with Dylan Ortega, Lauren Victoria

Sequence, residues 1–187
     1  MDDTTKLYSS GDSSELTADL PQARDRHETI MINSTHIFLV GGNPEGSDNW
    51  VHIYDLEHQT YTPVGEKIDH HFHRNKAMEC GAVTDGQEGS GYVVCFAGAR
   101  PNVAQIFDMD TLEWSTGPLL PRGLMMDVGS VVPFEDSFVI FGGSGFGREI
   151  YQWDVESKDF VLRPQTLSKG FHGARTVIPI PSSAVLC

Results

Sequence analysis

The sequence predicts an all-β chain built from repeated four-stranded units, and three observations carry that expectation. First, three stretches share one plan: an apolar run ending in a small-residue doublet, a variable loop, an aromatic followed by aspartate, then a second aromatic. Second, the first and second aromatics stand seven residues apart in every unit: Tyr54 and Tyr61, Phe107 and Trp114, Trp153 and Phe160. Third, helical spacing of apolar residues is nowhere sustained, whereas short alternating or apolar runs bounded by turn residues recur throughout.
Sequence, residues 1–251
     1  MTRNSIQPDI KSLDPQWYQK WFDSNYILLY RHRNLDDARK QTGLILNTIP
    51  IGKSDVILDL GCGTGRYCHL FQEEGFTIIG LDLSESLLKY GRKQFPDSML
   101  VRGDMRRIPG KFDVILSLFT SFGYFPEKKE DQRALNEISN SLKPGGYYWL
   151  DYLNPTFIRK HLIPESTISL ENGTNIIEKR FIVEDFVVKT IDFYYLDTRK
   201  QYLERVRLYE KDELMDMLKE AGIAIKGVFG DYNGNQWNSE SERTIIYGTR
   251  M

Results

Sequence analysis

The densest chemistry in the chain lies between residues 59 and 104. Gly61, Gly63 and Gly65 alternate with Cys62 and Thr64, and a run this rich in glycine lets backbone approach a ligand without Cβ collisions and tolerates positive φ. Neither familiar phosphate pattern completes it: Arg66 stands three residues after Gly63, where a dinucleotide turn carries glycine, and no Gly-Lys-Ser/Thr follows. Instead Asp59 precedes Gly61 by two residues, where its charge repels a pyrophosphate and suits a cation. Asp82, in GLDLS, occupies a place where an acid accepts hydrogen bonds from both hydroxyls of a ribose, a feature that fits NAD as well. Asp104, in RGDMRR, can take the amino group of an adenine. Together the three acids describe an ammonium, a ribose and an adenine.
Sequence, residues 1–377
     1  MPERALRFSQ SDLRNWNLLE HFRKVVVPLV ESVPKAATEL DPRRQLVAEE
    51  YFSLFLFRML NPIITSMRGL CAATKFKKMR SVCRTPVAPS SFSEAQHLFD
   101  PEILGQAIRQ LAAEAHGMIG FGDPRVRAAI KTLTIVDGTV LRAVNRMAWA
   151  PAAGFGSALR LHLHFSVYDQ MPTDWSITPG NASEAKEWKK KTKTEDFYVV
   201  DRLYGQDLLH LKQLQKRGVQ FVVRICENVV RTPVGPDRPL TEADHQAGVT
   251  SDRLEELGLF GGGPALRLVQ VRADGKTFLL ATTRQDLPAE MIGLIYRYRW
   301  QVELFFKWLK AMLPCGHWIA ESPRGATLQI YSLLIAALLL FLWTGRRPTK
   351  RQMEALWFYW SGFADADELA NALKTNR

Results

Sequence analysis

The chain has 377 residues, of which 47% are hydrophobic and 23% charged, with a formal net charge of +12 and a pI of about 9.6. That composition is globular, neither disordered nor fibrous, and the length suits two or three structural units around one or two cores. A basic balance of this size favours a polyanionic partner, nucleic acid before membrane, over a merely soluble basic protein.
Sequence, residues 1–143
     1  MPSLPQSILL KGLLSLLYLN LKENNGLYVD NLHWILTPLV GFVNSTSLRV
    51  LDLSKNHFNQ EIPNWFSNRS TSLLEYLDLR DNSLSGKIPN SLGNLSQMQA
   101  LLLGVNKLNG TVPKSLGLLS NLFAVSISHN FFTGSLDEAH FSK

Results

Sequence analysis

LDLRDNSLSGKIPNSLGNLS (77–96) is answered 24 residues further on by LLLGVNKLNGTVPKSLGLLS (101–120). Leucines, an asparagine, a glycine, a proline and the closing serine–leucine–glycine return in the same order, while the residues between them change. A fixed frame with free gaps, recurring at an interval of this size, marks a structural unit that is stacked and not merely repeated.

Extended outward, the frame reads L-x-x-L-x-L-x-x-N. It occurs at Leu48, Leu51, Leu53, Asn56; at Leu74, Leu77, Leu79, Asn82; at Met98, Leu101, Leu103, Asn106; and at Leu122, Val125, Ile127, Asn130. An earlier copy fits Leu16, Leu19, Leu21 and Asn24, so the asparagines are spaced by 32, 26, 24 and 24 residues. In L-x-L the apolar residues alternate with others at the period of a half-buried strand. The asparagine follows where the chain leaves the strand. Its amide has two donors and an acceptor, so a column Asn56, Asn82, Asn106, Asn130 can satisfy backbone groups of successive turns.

HIS VOICE IS DEEP, RESONANT AND SEEMS TO CARRY THE ACHE OF A THOUSAND HEARTBREAKS. THE FACT THAT HES A YEAR AWAY FROM HIS 18TH BIRTHDAY MAY SURPRISE SOME, HOWEVER SPEND 10 MINUTES WITH CHARLIE AND IT ALL MAKES SENSE. THE PHRASE OLD SOUL IS A QUALITY OFTEN ASCRIBED TO YOUNG ENTERTAINERS, BUT MCNEAL WEARS IT WITH EASE. HE HAS AN UNCANNY KNACK FOR BRINGING A SONG TO LIFE WITH A DEPTH OF UNDERSTANDING AND AUTHORITY THAT BELIES HIS YOUNG YEARS, AND THAT GIFT SHINES ON HIS NEW ALBUM RUNAWAY TRAIN.Country music can make you feel a lot of different things, McNeal says. It can make you dance. It can make you cry. Its really versatile and I love that. I want to make music that moves people. It was actually a time of sorrow that taught McNeal the impact music could have and spurred the young artists desire to launch a career. No one knew that I had a secret desire to be a singer. But we had a death in our family and folks were at the house, crying and hurting. I pulled out my guitar and started singing. Immediately I saw the affect it had on people-- -that I could help alleviate some of their sorrow just by singing songs-- -thats when I knew what I wanted to do. A California native, who grew up a couple hours from the seminal Bakersfield music scene, Charlie was heavily influenced by the music of Merle Haggard, Buck Owens and Dwight Yoakam. I listened to them a lot, says McNeal. I got a lot of my musical inspiration from them and guys like Waylon Jennings, George Jones, Johnny Cash, along newer artists like Cody Jinks, Ward Davis, Sturgil Simpson and Colter Wall. They are proof that traditional country music is alive and well.Hes seen that impact first hand as hes performed in venues around his home state, building up an enthusiastic fan base. People are not only drawn to the rich, impressive timbre of his voice, but also the insightful, emotional songs he writes. He writes a lot by himself and with his sister, Corrin. She is fun to write. She loves stories. They recently wrote, Good Outweighs the Bad with Charlies producer, Kim Copeland. McNeal says, Writing with Kim was different and fun. That song is probably going to be the first single.On his sophomore album, Runaway Train, McNeal is really growing into his gifts as a singer and songwriter with a collection of well-crafted songs about lifes trials and triumphs. The title track is about a man who just cant seem to stay away from temptation. It boasts a potent lyric and musically McNeal describes it as Waylon meets Metallica. That song was inspired by a lot of just things that happen to people every day. We all know people who struggle and we all have our vices.The album combines such up tempo romps as Im Out of Luck, Not Out of Love with touching moments like Youll Turn Out Fine, a mothers reassurance to her child as he grapples with his fathers alcoholism and absentee parenting. I wanted to write an album about real life because a lot of radio is about good times, drinking beer with buddies, taking a girl down a dirt road and dropping the tailgate. Theres nothing wrong with it, he says. A lot of people want to listen to stuff that doesnt make them think, but the type of music that I want to make is about real life. Its about what really happens. I really want to send a message that through all the hard times, youre not forgotten. Life is full of difficult moments and choices and thats what this album is about.McNeal is balancing his senior year with a busy touring schedule. He recently opened for Willie Nelson. Standing in front of thousands of people, warming up the stage for Willie, was too cool to put into words. Those times of validation are coming more and more often. Playing festivals and honky-tonks you get to meet some pretty amazing people. Recently I met, The Band of Brothers, a veterans group that uses softball as a way to get their fellow brothers integrated back into society after they come home, McNeal recalls. I played the song
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